In support of the rule, it will no doubt be argued at the hearing of the Inland Revenue’s applications that sport should be treated differently from other businesses. In sporting competitions, unlike in the commercial world, participants have a vested interest in the survival of their competitors. In the football environment, clubs have no choice but to deal with one another to buy and sell players. By contrast, trade creditors are not obliged to do business with football clubs.
Against the maintenance of the football creditor rule is the fact that its effect is at odds with the Government’s efforts to promote a collective approach to insolvency and put unsecured creditors on an equal footing.
The All Party Football Group, although supportive of the penalty points rule, wants to see the football creditor rule abolished. It states in its recent report: “Whilst we understand the motives for introducing such a rule in the first place, we believe that it can be iniquitous to other suppliers, to football clubs and other non-playing members of staff. The group, therefore, recommended the abolition of the rule”.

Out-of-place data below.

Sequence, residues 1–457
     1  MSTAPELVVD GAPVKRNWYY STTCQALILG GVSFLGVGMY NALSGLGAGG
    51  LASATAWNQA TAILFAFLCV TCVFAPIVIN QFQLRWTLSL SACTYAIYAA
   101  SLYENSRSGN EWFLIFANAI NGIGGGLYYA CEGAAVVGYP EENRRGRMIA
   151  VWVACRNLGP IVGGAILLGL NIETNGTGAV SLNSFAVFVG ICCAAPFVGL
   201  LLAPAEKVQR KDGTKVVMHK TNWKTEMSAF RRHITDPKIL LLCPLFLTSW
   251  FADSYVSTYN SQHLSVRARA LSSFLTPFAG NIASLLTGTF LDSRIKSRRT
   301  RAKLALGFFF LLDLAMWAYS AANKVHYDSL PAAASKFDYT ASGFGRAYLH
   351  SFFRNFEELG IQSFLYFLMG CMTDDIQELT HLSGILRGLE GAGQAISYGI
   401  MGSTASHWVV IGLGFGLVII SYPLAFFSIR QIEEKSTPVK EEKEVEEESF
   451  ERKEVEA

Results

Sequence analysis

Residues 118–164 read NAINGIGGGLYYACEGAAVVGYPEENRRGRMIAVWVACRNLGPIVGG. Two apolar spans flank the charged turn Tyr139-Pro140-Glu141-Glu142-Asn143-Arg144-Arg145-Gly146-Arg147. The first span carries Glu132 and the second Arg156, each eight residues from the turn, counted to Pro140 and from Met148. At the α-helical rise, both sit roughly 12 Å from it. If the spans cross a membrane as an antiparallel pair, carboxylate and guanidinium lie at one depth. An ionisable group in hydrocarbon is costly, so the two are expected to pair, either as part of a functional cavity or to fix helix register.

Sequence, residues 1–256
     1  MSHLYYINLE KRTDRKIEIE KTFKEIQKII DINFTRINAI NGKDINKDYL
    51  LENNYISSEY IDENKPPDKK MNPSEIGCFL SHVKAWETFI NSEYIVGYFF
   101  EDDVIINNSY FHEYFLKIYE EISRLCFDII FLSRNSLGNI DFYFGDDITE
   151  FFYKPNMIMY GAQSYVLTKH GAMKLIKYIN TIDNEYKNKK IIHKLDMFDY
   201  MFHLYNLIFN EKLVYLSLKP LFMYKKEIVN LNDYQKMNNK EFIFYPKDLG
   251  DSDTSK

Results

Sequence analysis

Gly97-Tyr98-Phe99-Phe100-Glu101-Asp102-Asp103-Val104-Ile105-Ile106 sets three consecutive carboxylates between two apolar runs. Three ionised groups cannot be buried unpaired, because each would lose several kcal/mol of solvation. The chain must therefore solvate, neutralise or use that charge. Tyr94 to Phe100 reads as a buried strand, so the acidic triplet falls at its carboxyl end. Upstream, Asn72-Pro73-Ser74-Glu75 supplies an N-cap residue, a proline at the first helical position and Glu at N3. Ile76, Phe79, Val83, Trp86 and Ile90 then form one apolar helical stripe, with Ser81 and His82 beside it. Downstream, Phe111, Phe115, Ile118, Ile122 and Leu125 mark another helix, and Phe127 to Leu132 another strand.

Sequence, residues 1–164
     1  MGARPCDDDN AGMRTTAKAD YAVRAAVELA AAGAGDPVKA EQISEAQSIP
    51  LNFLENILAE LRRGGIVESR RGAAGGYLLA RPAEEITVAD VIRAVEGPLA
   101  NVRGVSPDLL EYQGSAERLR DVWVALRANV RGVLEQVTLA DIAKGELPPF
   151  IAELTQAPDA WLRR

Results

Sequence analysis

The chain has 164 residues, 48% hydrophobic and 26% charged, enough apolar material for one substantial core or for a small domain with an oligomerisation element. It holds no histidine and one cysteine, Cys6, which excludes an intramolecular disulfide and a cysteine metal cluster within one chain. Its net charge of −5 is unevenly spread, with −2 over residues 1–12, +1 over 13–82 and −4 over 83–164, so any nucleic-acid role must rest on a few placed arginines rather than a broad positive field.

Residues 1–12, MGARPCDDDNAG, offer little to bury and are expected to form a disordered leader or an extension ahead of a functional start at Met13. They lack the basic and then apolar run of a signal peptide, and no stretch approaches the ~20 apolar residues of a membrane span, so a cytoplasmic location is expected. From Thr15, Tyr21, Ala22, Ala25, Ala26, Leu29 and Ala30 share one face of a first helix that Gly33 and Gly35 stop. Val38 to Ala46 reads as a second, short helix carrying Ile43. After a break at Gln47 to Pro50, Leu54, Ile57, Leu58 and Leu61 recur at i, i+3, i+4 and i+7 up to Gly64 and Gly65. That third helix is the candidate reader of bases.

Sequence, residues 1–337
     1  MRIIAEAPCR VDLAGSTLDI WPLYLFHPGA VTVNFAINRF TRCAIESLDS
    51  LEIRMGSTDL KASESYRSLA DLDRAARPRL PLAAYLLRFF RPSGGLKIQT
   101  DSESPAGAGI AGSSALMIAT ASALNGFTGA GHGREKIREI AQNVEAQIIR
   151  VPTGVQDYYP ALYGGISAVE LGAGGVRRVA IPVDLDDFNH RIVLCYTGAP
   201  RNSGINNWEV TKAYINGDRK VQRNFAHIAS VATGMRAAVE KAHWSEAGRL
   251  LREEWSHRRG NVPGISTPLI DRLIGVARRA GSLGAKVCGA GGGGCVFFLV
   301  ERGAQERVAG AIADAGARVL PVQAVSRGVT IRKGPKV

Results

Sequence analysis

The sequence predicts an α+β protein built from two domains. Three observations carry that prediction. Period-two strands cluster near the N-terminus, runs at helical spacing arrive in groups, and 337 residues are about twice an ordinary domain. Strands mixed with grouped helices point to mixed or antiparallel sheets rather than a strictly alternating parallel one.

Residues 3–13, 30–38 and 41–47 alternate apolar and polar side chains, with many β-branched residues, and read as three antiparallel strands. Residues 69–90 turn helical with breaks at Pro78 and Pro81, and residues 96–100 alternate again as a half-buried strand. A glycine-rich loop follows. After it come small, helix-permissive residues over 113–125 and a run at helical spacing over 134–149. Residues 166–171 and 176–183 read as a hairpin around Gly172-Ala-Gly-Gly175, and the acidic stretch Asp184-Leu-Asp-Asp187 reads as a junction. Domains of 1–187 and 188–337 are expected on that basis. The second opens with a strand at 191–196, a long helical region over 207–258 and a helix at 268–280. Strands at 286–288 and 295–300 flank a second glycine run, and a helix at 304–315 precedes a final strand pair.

The effect of the football creditor rule leaves clubs in an invidious position. On the one hand, the rule means that the club has to pay its football creditors in full if, after a CVA, it is to continue as a member of its league. However, by complying with the rule, Exeter and Wimbledon have found themselves under attack from the Inland Revenue.
The Inland Revenue’s applications, if successful, will not mean the end of the football creditor rule. However, a decision in its favour will be a powerful precedent that the Inland Revenue would almost certainly use to challenge other CVAs with similar provisions to those of Exeter and Wimbledon. If the football creditor rule is diluted or abolished as a consequence, unsecured creditors will see their position improve. The losers will be the players, who will have lost their ‘super-creditor’ status, and they will need to be careful about which clubs to join. Indeed, a club’s financial prudence may become as big a selling point to a prospective player as the size of its trophy cabinet.
Amanda Milsom is a partner, and Sohrab Daneshku a solicitor, at Lewis Silkin